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Wang Y, Shan Z, Arvizu M, et al. Associations of Menstrual Cycle Characteristics Across the Reproductive Life Span and Lifestyle Factors With Risk of Type 2 Diabetes. JAMA Netw Open. 2020;3(12):e2027928. doi:10.1001/jamanetworkopen.2020.27928
Are irregular or long menstrual cycles and unhealthy lifestyle factors jointly associated with type 2 diabetes?
In this prospective cohort study of 75 546 women, irregular and long menstrual cycles across the reproductive life span were associated with a greater risk of type 2 diabetes. These associations were stronger among women with overweight or obesity, low-quality diet, and low levels of physical activity.
These findings suggest that menstrual cycle characteristics may serve as an early sign of the long-term risk of developing type 2 diabetes and that lifestyle interventions may be a useful strategy to reduce the risk of type 2 diabetes among women with menstrual cycle dysfunction.
Menstrual cycle dysfunction is associated with insulin resistance, a key feature early in the pathogenesis of type 2 diabetes. However, the evidence linking irregular and long menstrual cycles with type 2 diabetes is scarce and inconsistent.
To evaluate the associations between menstrual cycle characteristics at different points throughout a woman’s reproductive life span and risk of type 2 diabetes and the extent to which this association is modified by lifestyle factors.
Design, Setting, and Participants
This prospective cohort study included 75 546 premenopausal US female nurses participating in the Nurses’ Health Study II from 1993 to June 30, 2017. Data analysis was performed from February 1 to December 30, 2019.
Self-reported usual length and regularity of menstrual cycles at the age ranges of 14 to 17 years, 18 to 22 years, and 29 to 46 years.
Main Outcomes and Measures
Incident type 2 diabetes identified through self-report and confirmed by validated supplemental questionnaires.
Among the 75 546 women in the study at baseline, the mean (SD) age was 37.9 (4.6) years (range, 29.0-46.0 years). A total of 5608 participants (7.4%) had documented new cases of type 2 diabetes during 1 639 485 person-years of follow-up. After adjustment for potential confounders, women reporting always having irregular menstrual cycles between the age ranges of 14 to 17 years, 18 to 22 years, and 29 to 46 years were, respectively, 32% (95% CI, 22%-44%), 41% (95% CI, 23%-62%), and 66% (95% CI, 49%-84%) more likely to develop type 2 diabetes than women reporting very regular cycles (within 3-4 days of expected period) in the same age range. Similarly, women reporting a usual cycle length of 40 days or more between the age ranges of 18 to 22 years and 29 to 46 years were, respectively, 37% (95% CI, 19%-57%) and 50% (95% CI, 36%-65%) more likely to develop type 2 diabetes during follow-up compared with women reporting a usual cycle length of 26 to 31 days in the same age ranges. These associations appeared to be stronger among women with overweight or obesity, a low-quality diet, and low levels of physical activity. The relative excess risk of type 2 diabetes due to the interaction between irregular and long menstrual cycles and the overall unhealthy lifestyle score was 0.73 (95% CI, 0.57-0.89) and 0.68 (95% CI, 0.54-0.83), respectively.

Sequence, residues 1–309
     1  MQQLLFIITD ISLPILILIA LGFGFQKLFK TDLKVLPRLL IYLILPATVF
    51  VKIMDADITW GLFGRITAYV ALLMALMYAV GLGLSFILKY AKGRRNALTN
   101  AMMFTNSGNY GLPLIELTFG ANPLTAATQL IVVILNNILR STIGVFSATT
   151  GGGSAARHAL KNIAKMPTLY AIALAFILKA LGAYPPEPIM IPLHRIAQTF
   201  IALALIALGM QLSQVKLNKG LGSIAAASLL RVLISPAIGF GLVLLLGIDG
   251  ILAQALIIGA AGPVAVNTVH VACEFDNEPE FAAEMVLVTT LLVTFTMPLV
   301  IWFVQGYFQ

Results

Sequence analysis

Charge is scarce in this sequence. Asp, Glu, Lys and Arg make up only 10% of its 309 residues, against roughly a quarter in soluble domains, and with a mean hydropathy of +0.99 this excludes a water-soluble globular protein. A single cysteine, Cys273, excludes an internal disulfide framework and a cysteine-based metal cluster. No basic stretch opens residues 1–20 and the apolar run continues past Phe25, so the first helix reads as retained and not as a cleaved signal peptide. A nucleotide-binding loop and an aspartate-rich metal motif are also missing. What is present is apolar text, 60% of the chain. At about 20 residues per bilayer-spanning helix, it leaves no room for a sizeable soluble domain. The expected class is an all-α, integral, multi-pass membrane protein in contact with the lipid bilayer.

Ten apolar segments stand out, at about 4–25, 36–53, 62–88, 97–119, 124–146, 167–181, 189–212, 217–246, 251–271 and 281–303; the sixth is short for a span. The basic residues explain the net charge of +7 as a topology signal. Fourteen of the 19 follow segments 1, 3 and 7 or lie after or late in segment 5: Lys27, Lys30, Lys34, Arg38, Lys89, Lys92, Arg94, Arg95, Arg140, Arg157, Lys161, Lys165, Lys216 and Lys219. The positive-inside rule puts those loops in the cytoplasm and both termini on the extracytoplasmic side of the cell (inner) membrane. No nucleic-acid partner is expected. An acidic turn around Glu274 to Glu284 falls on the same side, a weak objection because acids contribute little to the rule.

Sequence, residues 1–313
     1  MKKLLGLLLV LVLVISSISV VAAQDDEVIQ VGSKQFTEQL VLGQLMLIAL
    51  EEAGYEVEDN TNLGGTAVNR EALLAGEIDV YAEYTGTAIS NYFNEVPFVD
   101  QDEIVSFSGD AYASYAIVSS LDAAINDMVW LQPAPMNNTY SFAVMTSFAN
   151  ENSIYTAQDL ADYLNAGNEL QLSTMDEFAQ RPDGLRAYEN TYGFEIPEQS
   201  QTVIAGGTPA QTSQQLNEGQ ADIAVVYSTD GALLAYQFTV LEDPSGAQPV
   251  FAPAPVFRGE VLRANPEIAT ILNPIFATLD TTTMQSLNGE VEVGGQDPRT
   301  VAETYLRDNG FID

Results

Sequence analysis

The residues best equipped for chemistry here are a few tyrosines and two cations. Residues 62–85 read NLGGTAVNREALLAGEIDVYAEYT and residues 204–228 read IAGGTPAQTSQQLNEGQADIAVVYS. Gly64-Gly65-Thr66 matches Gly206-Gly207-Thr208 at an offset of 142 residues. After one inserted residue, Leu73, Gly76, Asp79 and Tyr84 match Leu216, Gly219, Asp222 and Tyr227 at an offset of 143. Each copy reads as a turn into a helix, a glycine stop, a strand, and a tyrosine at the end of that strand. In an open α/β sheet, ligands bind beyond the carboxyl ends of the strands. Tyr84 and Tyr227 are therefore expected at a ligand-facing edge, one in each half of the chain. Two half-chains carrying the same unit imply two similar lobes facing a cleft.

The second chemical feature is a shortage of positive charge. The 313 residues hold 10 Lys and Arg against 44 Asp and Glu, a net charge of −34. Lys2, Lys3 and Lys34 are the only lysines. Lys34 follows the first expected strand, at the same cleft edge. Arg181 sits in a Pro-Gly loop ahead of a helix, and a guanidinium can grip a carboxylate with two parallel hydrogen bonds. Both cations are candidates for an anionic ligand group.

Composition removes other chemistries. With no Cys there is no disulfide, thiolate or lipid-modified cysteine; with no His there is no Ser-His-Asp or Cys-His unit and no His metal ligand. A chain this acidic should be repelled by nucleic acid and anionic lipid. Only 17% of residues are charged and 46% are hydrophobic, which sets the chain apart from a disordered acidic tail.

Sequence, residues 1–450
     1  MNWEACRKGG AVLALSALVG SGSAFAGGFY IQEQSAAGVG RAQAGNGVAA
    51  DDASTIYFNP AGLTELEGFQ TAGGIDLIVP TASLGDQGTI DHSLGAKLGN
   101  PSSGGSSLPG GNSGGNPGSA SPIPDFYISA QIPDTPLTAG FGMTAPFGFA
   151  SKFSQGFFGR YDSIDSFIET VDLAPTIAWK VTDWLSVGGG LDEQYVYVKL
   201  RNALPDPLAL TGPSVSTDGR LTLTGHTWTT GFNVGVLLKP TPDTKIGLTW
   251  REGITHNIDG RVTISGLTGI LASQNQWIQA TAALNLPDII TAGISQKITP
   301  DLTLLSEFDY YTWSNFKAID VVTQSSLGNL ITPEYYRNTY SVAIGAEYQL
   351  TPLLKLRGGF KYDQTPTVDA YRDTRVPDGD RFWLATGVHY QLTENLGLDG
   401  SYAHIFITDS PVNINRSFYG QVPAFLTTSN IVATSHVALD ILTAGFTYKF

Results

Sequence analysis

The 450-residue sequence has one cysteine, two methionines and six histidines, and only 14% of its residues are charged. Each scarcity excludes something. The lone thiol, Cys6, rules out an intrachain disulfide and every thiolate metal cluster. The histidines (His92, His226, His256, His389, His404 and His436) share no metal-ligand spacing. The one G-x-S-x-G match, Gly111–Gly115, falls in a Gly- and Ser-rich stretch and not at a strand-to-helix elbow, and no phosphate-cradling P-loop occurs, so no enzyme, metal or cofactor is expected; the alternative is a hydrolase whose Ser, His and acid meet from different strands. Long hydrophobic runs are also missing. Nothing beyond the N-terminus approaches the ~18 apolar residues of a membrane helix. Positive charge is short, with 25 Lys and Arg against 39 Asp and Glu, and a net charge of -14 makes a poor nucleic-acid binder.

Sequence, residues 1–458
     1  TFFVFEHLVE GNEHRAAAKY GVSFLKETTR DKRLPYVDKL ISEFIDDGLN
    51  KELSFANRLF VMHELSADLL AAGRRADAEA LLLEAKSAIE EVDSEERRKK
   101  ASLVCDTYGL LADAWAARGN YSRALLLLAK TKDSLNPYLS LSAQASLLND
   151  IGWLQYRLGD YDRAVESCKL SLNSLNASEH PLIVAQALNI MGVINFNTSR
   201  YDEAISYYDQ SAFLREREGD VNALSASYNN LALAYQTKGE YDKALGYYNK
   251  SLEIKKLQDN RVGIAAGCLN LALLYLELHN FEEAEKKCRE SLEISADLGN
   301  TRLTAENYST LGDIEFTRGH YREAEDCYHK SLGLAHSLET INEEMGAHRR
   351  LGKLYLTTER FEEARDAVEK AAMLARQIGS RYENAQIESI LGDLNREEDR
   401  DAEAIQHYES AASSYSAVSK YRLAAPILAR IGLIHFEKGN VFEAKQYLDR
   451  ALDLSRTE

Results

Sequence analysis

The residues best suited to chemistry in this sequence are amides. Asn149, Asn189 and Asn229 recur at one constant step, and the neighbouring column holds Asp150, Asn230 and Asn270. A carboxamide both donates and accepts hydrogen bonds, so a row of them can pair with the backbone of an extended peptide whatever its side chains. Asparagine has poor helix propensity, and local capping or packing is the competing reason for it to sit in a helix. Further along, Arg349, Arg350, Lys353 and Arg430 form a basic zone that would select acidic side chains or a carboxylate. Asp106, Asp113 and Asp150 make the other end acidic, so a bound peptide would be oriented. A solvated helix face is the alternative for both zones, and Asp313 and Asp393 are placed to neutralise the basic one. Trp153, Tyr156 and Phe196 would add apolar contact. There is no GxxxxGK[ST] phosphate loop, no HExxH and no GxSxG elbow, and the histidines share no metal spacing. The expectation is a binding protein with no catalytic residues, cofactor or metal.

Conclusions and Relevance
In this cohort study of US female nurses participating in the Nurses’ Health Study II, irregular and long menstrual cycles throughout life were associated with a greater risk of type 2 diabetes, particularly among women with overweight or obesity, a low-quality diet, and low levels of physical activity.